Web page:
It’s been two months since we were sent into a nationwide shutdown. From one day to the next we found ourselves at home office. Now two months later a slow and sure trend can be seen: infection rates are dropping and piece by piece national restrictions are being relaxed. This includes many people slowly returning to their offices and for some, this gives the impression of a return to normality. But this appearance is deceptive.The everyday office life that we have left in such a hurry will not be comparable to the one we will return to.
Instead of a long-awaited welcome back party in the office, we have to come to terms with the idea that a transition back to normality will take time. We have to get used to the fact that our accustomed everyday life will be affected by a few restrictions in the form of adherence to social distancing rules and hygiene standards. We have put together the five challenges we have to face for the time to come.
Social distancing rules still apply in everyday life even though we see restrictions overall being loosended. This means that we must continue to keep a distance of two metres between each other and not be in the same room with too many people at the same time. For many open-space offices this will become a real challenge. Considerations about the introduction of shift operation-like conditions are becoming louder. But even for smaller offices these rules present a challenge. Fully occupied rooms must be avoided. A sensible planning of when which employees can use the office can help here. Event though this means we can not see our favorite colleagues every day. Therefor virtual meeting sessions are becoming even more important. Video as a medium of communication has become indispensable. Even though many companies have so far been reluctant to set up a technological infrastructure in their employees’ home offices, the current crisis revealed exactly these grievances. Many companies have recognized the need during the shutdown and have quickly converted. Video calls are hardly a challenge anymore to handle our daily work at safe distance. However, they should not only be used for work meetings, but also to encourage the team spirit. Regular after work drinks or lunch sessions can help colleagues or employees to deal with isolation.
Just as restrictions are gradually being relaxed, we should do the same with our return to the office. It’s been going great of working from home for two months. Why should we now rush back to being five days at the office and expose ourselves to unnecessary health risks? Better to start slowly with only a few hours a week and then gradually and safely increase. Half-manned offices also make it easier to keep a safe distance of two metres and reduce the risk of infection.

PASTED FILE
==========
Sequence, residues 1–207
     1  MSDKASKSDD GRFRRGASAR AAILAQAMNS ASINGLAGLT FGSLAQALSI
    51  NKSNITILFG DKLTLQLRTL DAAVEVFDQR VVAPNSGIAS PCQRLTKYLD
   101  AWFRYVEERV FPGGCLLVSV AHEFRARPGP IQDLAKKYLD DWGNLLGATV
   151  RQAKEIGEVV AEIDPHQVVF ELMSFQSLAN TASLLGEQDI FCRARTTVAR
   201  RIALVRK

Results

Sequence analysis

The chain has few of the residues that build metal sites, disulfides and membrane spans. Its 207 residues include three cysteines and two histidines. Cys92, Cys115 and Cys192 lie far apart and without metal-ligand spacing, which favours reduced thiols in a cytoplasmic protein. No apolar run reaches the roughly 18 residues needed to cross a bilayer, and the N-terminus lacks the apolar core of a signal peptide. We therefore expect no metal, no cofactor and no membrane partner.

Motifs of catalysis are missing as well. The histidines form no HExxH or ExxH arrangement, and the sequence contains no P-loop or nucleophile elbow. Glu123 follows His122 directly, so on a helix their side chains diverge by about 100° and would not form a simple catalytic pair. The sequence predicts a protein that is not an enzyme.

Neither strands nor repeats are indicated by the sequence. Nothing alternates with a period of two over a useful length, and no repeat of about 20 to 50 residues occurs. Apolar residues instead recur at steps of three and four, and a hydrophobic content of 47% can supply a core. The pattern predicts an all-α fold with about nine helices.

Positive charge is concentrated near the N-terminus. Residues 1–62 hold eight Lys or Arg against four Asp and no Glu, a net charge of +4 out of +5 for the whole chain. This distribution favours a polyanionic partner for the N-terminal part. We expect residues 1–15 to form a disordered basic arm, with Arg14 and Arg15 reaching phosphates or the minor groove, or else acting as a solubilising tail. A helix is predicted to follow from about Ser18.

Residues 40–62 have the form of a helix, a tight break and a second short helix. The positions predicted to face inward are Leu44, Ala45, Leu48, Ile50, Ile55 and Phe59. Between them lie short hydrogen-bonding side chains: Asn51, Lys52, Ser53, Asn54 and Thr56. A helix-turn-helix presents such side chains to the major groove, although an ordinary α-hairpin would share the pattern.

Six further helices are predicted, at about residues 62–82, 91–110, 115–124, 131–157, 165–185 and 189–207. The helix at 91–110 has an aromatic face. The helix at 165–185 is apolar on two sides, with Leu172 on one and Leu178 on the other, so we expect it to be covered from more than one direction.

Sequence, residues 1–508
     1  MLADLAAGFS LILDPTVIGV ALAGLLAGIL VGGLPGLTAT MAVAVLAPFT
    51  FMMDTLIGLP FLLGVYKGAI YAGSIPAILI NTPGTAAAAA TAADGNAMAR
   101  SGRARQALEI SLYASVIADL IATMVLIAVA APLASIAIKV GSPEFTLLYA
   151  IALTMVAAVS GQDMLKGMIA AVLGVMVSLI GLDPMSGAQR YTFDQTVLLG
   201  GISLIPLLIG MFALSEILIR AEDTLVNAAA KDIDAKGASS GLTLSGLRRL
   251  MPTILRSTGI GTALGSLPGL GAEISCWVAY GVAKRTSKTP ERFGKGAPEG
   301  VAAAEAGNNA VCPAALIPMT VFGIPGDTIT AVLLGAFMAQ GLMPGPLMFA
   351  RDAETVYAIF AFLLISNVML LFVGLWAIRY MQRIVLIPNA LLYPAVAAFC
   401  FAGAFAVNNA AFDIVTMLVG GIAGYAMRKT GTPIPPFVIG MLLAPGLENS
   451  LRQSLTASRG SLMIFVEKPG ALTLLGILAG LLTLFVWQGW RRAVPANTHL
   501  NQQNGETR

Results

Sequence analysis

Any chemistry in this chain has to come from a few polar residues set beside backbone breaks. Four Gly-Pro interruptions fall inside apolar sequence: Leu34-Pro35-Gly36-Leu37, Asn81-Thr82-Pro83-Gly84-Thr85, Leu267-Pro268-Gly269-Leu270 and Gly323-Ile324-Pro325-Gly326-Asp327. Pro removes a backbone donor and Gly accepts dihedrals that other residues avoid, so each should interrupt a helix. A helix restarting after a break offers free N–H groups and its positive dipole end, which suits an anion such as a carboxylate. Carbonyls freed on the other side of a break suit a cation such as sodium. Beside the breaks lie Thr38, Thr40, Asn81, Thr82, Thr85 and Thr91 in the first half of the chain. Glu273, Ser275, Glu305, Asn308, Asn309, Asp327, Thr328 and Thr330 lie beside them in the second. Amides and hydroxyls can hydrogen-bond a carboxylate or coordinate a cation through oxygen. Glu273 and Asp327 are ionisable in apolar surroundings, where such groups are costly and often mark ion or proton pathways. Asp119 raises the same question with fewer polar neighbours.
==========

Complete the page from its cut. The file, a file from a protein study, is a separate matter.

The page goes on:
Regular hand washing had been advised before the shutdown, this recommendation still applies. Wearing masks has already become a must in everyday life when riding the train or shopping. Some employers also demand the wearing of masks in the office. This may seem unfamiliar or unpleasant at first, but with time you get used to it and contribute to reduce the risk of infection. Especially when working in open spaces that have no partitions, wearing masks is all the more important.
Surfaces, door handles, etc. should be cleaned regularly to ensure a clean working atmosphere for employees and colleagues. But one should not only rely on the use of cleaning staff. In general, everyone is required to keep their workplace tidy and clean.
Going out for lunch with colleagues to eat in a restaurant or cooking with several people in a shared office kitchen will not be possible for the time being. This does not mean that breaks need necessarily be spent alone. A lunch together with distance is possible, but should not exceed two people. When using the communal kitchen, not too many people should use the space at the same time and everyone has to remove their leftovers properly.
However, getting upset about them or fighting them would have fatal consequences. Instead, we should learn to deal with the regulations in our everyday life to resume our former life and routines as good as possible. Especially if we now return too quickly the storms of our old life, we risk a second wave of infection. When we return to our office we should make sure that we follow the rules in order not to expose ourselves and our colleagues to risks. Even if this means wearing uncomfortable masks or not having lunch in larger groups during our breaks. The past two months have shown us that working from home works better than many had previously deemed. Once again it has become clear that video is an indispensable means of communication in many areas — not only home office.
We must not confuse the gradual relaxation of exit restrictions with a return to normality. We are still in the middle of the pandemic. If we take one step at a time, slowly and surely, and if we adhere to hygiene and distance rules in our working environment, we can hope for return to normality soon. It is crucial for everyone returning to their work spaces to stick to these rules and to not underestimate them.
Mona Ciotta is working as Strategic Business Development Manager at the digital health start-up “medudoc” in Berlin. Coming from a digital marketing background she is now working on bridging the digital gap of evolved patient expectations, arbitrary regulations and economical pressured healthcare providers like hospitals and doctors. Through video animation, medudoc digitizes, automates and standardizes the analog and tedious practice of patient education before a medical intervention. You can contact her via mail (firstname.lastname@example.org) and LinkedIn.
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